Thousands sign letter condemning sexual harassment in the art world

Jonathan Knott, 01.11.2017
MA calls for policies to prevent systemic abuse
Almost 10,000 people working in the international art world have signed a letter condemning sexual harassment in the field, and resolving to speak out about abuses of power.

The letter, which more than 9,500 people have now put their names to, appeared on Monday in the Guardian newspaper. It is also posted on a website, Not Surprised, and has associated social media accounts. Signatories include the Turner Prize winner Helen Marten, art dealer and gallery owner Sadie Coles, and photographer Cindy Sherman.

“We are not surprised,” the letter begins. “We are artists, arts administrators, assistants, curators, directors, editors, educators, gallerists, interns, scholars, students, writers, and more – workers of the art world – and we have been groped, undermined, harassed, infantilised, scorned, threatened, and intimidated by those in positions of power who control access to resources and opportunities. We have held our tongues, threatened by power wielded over us and promises of institutional access and career advancement.”

The letter stems from discussions that followed allegations about Knight Landesman, a co-publisher of the US magazine Artforum.

Landesman resigned last week after a lawsuit was filed accusing him of harassing at least nine women. But the letter stressed that the issue was systemic.

“The resignation of one publisher from one high-profile magazine does not solve the larger, more insidious problem: an art world that upholds inherited power structures at the cost of ethical behaviour,” it read. “Similar abuses occur frequently and on a large scale within this industry. We have been silenced, ostracised, pathologised, dismissed as ‘overreacting,’ and threatened when we have tried to expose sexually and emotionally abusive behaviour. We will be silenced no longer.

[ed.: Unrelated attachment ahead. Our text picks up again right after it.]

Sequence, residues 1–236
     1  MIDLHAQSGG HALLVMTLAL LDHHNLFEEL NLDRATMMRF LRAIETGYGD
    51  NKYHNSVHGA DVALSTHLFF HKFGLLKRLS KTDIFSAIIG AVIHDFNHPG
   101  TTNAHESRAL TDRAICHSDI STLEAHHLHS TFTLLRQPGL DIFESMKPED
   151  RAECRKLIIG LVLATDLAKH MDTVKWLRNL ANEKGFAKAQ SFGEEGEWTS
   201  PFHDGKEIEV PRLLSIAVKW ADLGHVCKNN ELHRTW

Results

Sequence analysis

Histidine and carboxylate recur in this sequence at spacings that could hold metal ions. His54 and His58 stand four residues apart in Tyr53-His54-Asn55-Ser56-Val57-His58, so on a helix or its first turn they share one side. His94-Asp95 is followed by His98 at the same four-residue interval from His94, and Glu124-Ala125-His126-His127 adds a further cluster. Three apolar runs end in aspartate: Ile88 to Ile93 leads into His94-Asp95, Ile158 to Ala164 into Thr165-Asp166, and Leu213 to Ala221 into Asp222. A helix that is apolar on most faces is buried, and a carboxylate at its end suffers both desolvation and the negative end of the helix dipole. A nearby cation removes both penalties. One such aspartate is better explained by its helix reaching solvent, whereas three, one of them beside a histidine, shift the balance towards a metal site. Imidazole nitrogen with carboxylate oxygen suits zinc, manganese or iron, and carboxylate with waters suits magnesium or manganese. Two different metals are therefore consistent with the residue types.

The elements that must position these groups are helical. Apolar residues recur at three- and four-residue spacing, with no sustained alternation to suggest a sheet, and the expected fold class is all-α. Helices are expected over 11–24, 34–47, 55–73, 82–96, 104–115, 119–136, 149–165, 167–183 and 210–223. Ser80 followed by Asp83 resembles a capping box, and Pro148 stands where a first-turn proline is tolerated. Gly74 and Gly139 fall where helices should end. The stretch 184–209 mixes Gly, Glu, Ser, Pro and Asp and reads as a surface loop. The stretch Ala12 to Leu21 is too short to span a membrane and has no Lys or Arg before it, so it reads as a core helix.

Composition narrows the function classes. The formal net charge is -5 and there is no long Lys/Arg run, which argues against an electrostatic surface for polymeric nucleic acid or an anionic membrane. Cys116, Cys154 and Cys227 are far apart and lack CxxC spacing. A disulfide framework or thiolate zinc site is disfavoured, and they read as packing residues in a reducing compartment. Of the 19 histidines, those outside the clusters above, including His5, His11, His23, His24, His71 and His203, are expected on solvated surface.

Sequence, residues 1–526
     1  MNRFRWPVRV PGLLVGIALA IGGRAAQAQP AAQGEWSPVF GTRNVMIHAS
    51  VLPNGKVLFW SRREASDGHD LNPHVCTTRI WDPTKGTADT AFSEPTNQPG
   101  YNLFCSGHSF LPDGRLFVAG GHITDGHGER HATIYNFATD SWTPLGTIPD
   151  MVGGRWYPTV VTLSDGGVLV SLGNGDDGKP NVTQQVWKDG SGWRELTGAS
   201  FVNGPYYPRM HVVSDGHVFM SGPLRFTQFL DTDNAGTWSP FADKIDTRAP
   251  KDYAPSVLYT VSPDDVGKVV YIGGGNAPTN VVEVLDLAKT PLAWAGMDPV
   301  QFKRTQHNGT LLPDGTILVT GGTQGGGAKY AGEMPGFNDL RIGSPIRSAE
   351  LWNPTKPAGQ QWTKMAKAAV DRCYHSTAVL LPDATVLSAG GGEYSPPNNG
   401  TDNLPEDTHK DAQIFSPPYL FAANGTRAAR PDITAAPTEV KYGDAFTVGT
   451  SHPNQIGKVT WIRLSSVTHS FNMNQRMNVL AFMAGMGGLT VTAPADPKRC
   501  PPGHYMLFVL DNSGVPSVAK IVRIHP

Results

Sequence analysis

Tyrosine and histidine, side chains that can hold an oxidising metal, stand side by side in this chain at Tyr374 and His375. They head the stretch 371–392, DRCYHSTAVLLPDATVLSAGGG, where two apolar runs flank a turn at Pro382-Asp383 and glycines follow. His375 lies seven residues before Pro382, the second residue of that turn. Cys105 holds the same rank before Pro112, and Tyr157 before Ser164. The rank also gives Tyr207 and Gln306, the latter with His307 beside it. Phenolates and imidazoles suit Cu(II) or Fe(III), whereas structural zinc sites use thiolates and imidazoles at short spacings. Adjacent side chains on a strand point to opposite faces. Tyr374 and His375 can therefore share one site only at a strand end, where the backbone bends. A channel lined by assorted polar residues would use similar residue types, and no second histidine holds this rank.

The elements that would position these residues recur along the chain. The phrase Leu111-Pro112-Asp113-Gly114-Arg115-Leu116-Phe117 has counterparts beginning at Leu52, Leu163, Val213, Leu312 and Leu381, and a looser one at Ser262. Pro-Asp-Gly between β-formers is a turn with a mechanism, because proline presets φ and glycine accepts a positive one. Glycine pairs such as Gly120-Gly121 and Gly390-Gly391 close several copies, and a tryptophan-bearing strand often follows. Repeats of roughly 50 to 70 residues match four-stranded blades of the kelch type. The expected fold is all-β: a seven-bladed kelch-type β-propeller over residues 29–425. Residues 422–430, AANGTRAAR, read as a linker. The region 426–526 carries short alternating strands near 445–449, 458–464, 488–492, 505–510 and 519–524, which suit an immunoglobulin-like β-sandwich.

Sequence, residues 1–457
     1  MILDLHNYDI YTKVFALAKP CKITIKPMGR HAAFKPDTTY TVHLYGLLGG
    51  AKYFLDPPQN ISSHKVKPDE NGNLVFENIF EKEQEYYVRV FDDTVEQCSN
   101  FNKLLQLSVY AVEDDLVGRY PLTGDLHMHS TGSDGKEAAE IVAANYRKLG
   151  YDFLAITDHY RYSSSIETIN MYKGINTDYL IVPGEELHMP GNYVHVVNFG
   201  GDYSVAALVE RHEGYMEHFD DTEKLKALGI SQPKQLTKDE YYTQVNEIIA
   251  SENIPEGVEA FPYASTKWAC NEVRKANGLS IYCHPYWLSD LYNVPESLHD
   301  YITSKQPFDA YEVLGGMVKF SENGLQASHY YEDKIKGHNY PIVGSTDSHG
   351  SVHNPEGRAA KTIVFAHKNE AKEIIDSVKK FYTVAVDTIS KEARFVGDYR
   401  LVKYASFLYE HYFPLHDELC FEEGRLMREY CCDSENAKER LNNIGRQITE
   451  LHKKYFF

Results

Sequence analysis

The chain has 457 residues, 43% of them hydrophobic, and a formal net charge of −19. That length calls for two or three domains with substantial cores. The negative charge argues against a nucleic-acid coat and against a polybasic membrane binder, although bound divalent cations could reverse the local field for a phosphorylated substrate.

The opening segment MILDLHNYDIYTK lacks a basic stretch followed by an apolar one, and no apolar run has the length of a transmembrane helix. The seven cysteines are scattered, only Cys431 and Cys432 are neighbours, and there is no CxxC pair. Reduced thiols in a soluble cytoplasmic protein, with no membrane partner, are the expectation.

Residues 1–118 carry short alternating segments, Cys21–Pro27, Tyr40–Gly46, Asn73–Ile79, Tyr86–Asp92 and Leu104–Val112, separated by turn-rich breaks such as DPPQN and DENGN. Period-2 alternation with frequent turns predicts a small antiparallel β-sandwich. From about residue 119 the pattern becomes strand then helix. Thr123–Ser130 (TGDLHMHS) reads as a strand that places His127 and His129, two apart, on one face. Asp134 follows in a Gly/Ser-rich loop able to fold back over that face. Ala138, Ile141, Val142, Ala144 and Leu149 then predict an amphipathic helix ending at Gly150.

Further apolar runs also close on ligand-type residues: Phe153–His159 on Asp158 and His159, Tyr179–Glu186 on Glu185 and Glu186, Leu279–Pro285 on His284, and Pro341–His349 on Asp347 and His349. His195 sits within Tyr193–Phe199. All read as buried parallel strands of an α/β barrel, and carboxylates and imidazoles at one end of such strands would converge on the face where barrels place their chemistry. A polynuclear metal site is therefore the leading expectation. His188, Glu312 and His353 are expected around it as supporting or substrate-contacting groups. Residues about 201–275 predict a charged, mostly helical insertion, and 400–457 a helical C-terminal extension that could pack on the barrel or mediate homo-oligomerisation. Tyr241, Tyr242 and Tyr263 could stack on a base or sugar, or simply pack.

“We will denounce those who would continue to exploit, silence, and dismiss us. Your actions will no longer be a secret, whispered amongst us for fear of ostracization, professional shunning, and recrimination. Where we see the abuse of power, we resolve to speak out, to demand that institutions and individuals address our concerns seriously, and to bring these incidents to light regardless of the perpetrator’s gender.”

Sharon Heal, the director of the Museums Association (MA), said: “It really comes as no surprise that sexism and sexual harassment is so dominant in the art world. Our data shows that the majority of staff in museums and galleries are women yet the majority of leaders are men. This imbalance puts power in the hands of those leaders and sometimes that power is abused.

“The MA has been actively campaigning for equality, diversity and inclusion in the sector and that applies to the workforce as well as audiences. Boards, leaders and senior representatives of the sector need to not only speak out but also make sure there are policies and programmes in place that can help prevent this systemic abuse.”

The Not Surprised website said that it had stopped adding signatories to the list yesterday after receiving an “overwhelming response”.

“We are strategising all the next steps and action items that have been generated by this open discussion,” says the site. “We are awed by your response and encourage you to keep this conversation going”.

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